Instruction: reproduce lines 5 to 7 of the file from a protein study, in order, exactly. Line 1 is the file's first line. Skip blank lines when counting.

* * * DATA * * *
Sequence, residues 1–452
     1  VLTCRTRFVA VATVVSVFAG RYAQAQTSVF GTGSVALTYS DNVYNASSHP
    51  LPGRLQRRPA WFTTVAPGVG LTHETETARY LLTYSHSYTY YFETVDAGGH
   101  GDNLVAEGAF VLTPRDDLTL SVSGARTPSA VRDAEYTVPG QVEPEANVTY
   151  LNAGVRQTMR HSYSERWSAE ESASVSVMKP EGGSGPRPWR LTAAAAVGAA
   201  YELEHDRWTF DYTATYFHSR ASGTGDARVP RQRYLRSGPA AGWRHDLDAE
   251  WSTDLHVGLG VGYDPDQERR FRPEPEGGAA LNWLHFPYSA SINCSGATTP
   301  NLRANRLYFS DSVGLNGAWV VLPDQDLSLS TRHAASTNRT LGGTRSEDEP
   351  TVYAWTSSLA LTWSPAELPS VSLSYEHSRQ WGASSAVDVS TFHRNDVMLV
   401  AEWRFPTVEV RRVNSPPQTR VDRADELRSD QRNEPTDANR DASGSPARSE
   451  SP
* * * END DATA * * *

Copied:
   151  LNAGVRQTMR HSYSERWSAE ESASVSVMKP EGGSGPRPWR LTAAAAVGAA
   201  YELEHDRWTF DYTATYFHSR ASGTGDARVP RQRYLRSGPA AGWRHDLDAE
   251  WSTDLHVGLG VGYDPDQERR FRPEPEGGAA LNWLHFPYSA SINCSGATTP